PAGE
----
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Infrastructure analysis and forecasting wizards

ITRC open new debate on the Cambridge-Milton Keynes-Oxford Arc

Jim Hall, Director of the UK ITRC, outlines his vision for a cohesive, joined-up approach to multi-infrastructure projects.

Jim Hall

Jim Hall, Director of the UK Infrastructure Transitions Research Consortium and Professor of Climate and Environmental Risks at the University of Oxford, outlines his vision for a cohesive, joined-up approach to multi-infrastructure projects, and invites collaboration on the Cambridge-Milton Keynes-Oxford Arc development.

At the UK Infrastructure Transitions Research Consortium (ITRC), we research and produce models to help people plan infrastructure developments at local, national and global level. Using our “systems of systems” approach, we can uniquely produce scenarios and visualisations across several infrastructure types at once.

Some of the key trends we’d like to see coming through strongly in infrastructure in the construction industry are:

  • Building sustainably, with methods and materials which aren’t detrimental to the planet, and which aren’t unreachable financially.
  • More examples of collaboration between industry, government and academia coming through, to build on those already in place.
  • Multi-authority or cross-authority projects becoming more of the norm, rather than having hard lines over arbitrary unitary borders.

The Cambridge-Milton Keynes-Oxford Arc (the Arc) which has been proposed as a knowledge-intensive, economic cluster spanning the heart of England, is a pressing example of the need for a cohesive approach and collaboration between local authorities and other agencies.

The vision for the Arc is that new, high value businesses will be supported by new transport infrastructure and housing development.

This would be the first development of its kind to impact upon so many local authorities, with 34 potentially being affected, from new transport links to new housing developments in their area.

One of the challenges of this development is moving towards a holistic approach which puts the public good at its core, rather than focusing on any individual local authority or at town level. Another challenge is balancing a focus on economic growth with fulfilling demands around long-term sustainability and people living decent lives.

In 2017 the National Infrastructure Commission called for consultations on the Arc, in order to “develop and deliver an integrated strategic plan for infrastructure, housing and jobs”. Despite the NIC’s report in November 2017 and the government’s response in 2018, as well as the numerous initiatives that are currently underway involving central and local government, businesses and the universities in the Arc, there are many questions yet to be answered and a clear vision for the Arc, that integrates infrastructure (both grey and green), employment and housing has yet to emerge.

At ITRC one of our key roles is in encouraging collaboration in the infrastructure and construction sector and we were very pleased to be recognised with the Infrastructure Award at the EG Tech Awards in July 2019. Judges said ITRC “hit the brief on so many levels. From innovative infrastructure analysis to a focus on future needs as well as the present. The winner demonstrated a razor-sharp approach to tackling infrastructure issues head on”.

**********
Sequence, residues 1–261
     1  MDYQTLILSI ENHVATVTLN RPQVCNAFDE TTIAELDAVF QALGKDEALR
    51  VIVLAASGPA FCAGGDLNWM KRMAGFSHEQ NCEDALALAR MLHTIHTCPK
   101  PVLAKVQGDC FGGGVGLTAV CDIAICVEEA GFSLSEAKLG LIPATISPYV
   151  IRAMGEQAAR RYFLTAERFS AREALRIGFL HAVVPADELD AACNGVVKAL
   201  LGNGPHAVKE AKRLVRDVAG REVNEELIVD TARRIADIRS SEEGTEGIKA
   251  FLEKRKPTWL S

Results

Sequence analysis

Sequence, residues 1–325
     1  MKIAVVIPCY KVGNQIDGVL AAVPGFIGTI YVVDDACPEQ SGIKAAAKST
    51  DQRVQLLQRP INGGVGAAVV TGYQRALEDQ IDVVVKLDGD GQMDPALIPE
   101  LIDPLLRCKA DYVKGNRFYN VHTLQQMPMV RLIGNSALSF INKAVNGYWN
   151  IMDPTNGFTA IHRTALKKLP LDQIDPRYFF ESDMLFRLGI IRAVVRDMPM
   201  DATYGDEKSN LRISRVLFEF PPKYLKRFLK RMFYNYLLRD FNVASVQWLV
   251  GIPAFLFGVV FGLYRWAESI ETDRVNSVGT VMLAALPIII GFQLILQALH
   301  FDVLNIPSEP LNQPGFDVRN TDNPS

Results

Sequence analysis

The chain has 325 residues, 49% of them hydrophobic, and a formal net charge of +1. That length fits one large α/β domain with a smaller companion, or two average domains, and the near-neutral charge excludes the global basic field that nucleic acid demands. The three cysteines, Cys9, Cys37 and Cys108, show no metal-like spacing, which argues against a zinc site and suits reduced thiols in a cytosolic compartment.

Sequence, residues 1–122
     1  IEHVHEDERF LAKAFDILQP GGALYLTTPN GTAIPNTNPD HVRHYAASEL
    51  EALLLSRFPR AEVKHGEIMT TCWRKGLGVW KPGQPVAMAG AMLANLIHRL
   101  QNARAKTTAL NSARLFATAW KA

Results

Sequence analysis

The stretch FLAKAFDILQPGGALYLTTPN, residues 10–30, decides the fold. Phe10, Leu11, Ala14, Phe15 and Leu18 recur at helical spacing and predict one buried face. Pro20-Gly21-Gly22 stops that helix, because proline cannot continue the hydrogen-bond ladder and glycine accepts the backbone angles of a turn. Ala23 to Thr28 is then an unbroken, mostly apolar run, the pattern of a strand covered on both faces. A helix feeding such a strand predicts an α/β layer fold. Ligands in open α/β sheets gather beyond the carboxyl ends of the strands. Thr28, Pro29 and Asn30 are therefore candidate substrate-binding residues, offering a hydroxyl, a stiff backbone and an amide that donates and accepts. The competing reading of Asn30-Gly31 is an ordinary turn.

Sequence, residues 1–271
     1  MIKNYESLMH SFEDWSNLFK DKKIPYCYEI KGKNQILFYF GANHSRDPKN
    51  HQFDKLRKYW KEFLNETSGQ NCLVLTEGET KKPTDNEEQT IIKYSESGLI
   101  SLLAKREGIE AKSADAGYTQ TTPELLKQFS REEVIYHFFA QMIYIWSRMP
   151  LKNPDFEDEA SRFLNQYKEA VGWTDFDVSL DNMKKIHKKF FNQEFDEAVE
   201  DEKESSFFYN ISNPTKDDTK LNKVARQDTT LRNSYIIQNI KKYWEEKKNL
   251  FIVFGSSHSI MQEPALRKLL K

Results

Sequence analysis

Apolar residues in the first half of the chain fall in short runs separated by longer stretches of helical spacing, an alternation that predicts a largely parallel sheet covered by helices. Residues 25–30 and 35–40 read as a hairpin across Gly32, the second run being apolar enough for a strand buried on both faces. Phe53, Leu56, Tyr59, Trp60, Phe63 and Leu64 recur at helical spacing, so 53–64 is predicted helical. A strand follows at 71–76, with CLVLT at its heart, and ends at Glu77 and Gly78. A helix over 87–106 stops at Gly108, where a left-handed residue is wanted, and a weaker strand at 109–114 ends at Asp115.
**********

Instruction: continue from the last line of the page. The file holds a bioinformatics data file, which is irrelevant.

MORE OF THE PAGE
ITRC itself is built on a collaborative approach; we are a consortium of seven leading UK universities, including the Universities of Oxford and Cambridge.

For the last eight years we have been developing models and analytical methods for the planning of national infrastructure systems: energy, transport, digital communications and water. The ITRC has developed methods for simulating future population, housing growth and demand for infrastructure services, and exploring how the necessary infrastructure can be provided affordably, securely and sustainably.

In our April article for UK Construction Online we touched on how our PopNation and Urban Development models can help projects predict future demographic changes and identify areas in the UK suitable for future residential development.

In order to better understand the issues at stake, we have held in-depth discussions with 22 prominent stakeholder organisations leading the development of the Arc in central, regional and local government, as well as universities, independent agencies and businesses, to answer questions including:”

We’re currently using our models and analytics to explore possible futures for the Arc, to answer questions including:

  • Where could future housing development be located in the Arc?
  • Can enough water be supplied for an increased number of inhabitants?
  • Can the housing and infrastructure in the Arc be made carbon neutral?
  • How can cherished natural habitats be preserved?
  • How much will it cost to provide an Arc that is connected with 5G communications and fibre to every home?

This November’s “ITRC Consultation and Dissemination Event” will combine a presentation of the ITRC’s new analysis of the Arc and evidence-based tools to understand the risks and opportunities involved in its development, together with keynote presentations from stakeholders in the initiative.

We will also host panel discussions to tackle the complex challenges implied by the Arc, and aim to demonstrate the capabilities of the UK’s universities (inside and outside the Arc) to add value and insight to this complex and contested initiative, providing scenarios that stimulate discussion and models that can be used to explore possible futures and navigate trade-offs.

Join us at the ITRC Consultation & Dissemination Event on the Cambridge-Milton Keynes-Oxford Arc, on 20th November at the Institute for Civil Engineering in London. Find out more and book your free place

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